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Perry Mason: Season 3, Vol. 2
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I'd also like two-dollar gas, killer abs, and a winning lottery ticket, but they're not gonna happen either, so I'll just say here and now that Paramount has done a superb job of remastering the PM series for us diehards, and I encourage the company to stick with the project.
When I look at the quality of the prints, that the episodes have been restored in their entirety, that the episodes are generally longer than most of today's popular dramatic series, and the plain fact that paying several bucks for each episode of one of my all-time favorite shows is no big hit on my wallet when it's spread out over months and years, I'm okay with the pricing and staggered releases. (And no, I don't work for or represent Paramount, and yes, like everyone else I have only so much disposable income in any given month.)
I even bought the PM 50th Anniversary set for its extras and for the lovely Barbara Hale (sometimes joined by series producer/director Arthur Marks) providing the intros. It was worth the price and the duplication of episodes.
I expect many of my fellow Amazon reviewers will take the time to skewer me for my take on Paramount's approach, and that's okay. It's all a matter of opinion and perspective. But for me, the fact that Paramount is providing us fans with such great prints of the PM series is cause for celebration. "You get what you pay for," the saying goes, and my money is being well-spent.
Raymond Burr had some good roles in films, but will always be remembered as Perry Mason. It was Gardner himself who picked Burr, even though the studio only agreed to let him test for Perry if he would test for Burger too! Barbara Hale was his pretty secretary, Della Street, who kept Perry human and was in love with him. William Hopper was the dapper detective, Paul Drake. He had a playful and flirtatious relationship with Della but every viewer knew that secretly her heart belonged to Perry.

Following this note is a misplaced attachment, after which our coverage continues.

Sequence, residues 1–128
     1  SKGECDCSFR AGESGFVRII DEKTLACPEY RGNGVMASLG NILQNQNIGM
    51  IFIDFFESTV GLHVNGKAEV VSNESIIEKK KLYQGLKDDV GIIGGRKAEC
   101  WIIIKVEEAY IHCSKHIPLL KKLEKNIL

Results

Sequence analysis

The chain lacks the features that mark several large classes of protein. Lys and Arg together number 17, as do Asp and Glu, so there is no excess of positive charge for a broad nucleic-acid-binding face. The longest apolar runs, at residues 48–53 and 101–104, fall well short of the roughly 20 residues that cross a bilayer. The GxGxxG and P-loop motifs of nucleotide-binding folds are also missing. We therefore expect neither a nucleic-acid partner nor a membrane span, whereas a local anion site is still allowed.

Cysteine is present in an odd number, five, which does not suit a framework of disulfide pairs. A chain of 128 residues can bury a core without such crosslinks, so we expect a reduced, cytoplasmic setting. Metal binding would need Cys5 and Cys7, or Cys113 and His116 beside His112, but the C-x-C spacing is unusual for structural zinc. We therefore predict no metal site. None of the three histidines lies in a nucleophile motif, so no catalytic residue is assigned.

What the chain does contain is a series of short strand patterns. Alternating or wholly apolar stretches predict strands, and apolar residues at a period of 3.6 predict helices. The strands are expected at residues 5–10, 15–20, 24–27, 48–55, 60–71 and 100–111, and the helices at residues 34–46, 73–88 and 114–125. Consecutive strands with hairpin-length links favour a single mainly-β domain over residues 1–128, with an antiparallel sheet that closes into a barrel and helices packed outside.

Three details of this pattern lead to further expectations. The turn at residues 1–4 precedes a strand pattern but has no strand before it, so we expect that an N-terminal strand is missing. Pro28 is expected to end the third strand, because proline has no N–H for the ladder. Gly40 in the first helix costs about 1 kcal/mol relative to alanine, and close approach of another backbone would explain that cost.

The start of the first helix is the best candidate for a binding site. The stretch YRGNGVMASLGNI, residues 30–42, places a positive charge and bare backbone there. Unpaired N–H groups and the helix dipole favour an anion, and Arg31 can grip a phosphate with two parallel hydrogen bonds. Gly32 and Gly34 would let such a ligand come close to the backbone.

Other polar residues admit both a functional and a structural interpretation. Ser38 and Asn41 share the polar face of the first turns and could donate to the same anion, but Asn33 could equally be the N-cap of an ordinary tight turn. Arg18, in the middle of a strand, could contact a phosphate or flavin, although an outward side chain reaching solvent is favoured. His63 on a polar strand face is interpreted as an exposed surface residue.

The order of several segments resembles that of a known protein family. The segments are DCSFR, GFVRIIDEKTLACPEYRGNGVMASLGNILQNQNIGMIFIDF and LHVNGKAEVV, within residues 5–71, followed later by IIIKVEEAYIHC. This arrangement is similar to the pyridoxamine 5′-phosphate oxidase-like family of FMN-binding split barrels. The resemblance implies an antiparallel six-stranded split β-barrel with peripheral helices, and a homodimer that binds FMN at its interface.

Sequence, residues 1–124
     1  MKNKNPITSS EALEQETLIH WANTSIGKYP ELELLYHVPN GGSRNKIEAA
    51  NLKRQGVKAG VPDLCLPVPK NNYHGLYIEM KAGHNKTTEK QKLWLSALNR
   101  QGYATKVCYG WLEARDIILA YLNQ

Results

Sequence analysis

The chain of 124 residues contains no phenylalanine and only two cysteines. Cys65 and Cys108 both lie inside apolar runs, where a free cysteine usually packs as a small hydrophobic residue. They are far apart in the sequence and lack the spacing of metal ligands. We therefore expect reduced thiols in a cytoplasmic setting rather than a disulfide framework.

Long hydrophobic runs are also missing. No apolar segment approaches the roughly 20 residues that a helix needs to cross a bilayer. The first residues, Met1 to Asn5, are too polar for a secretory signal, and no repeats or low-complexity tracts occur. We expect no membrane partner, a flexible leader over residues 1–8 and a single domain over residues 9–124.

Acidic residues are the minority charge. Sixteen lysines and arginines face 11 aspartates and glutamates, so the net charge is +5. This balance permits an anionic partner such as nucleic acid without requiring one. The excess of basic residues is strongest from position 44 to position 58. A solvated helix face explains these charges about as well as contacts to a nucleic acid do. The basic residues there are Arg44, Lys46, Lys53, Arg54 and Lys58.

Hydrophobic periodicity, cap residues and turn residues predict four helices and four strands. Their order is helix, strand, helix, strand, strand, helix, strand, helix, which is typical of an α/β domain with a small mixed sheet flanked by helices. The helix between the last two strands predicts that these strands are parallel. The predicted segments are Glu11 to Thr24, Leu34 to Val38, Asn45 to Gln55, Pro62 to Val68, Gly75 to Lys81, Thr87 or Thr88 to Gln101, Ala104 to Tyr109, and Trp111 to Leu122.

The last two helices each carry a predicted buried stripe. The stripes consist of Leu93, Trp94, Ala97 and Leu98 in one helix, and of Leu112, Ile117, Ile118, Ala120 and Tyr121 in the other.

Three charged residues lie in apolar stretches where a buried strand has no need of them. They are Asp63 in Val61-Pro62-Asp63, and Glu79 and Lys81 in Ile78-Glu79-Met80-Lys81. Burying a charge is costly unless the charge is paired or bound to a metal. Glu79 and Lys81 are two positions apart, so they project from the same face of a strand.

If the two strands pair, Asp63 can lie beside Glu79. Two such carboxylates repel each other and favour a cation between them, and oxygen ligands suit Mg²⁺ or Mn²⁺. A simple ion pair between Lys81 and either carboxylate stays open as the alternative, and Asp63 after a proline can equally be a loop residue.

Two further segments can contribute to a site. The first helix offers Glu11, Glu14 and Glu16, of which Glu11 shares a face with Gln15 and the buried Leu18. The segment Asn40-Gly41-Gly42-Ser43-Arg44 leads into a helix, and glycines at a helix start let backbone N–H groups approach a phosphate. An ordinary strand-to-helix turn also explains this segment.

William Talman as D.A. Hamilton Burger would almost be ready to gloat, Lt. Tragg (Ray Collins) not far behind, when Perry would spring his client by revealing the real killer on the witness stand. There has never been anything close to it in genre on television since. Its mix of drama, noir, and humor, and its truly likable characters, made for terrific viewing.
Season three had some great episodes, including a case where Paul was the accused, in a twisty tail of blackmail and murder. Releasing them in half seasons, the first half on volume one, the second on volume two, may indeed be an effective but annoying marketing scheme, but with all the junk out there we're lucky to actually have a few worthy releases such as Perry Mason even available.Read more ›
But 1960 was a special year indeed. Firstly William Talman, who played Hamilton Burger the brilliant but hapless Los Angeles County District Attorney was temporarily kicked off the show following his arrest following a raid at a "wild nude party" in Hollywood in March 1960, resulting in a stream of appearances by lesser prosecutors. As a result he is absent from many of the episodes in this series.
Secondly the Mason series, always a home for some of the better character actors of the era, had in the second half of the season, some amazing cast members. Louise Fletcher, later to win an Oscar, plays Gladys Doyle in The Case of the Mythical Monkeys. Norman Fell, wearing a silly thin mustache, plays a character named Casper Pedley. Joining them is B-movie Diva Beverly Garland. And that is just in one episode.
These episodes are all well-written, although few lawyers ever object as Mason and Burger do that the evidence is "irrelevant, immaterial and incompetent." In "the Case of the Prudent Prosecutor" Burger actually calls Perry to defend his old friend (played by J. Pat O'Malley). In the ensuing preliminary hearing Mason exposes a corporate scandal worthy of the wall street Journal. Barbara Bain appears in another episode the Weary Wildcatter where a con man sells several hundred percent in an oil well that happens to come in.
If you love Perry Mason, this second part of the third season will be rerun as often on your DVD as Ted Turner did on WTBS.
Most Recent Customer Reviews
The Perry Mason TV programs set the standard for all later TV court/lawyer shows to try to meet. I believe that Perry Mason was and is the best show of its kind ever on television.Published 2 months ago by Rex Gillham
Always have loved the way the story lines go in this drama. Raymond Burr made an excellent Perry Mason. Wouldn't have the series any other way.Published 3 months ago by Kim Wachowiak
These shows are fun and completely worth the very modest price. Of course they're dated and kind of hokey, but that's part of the fun. Read morePublished 4 months ago by I. V. Ludus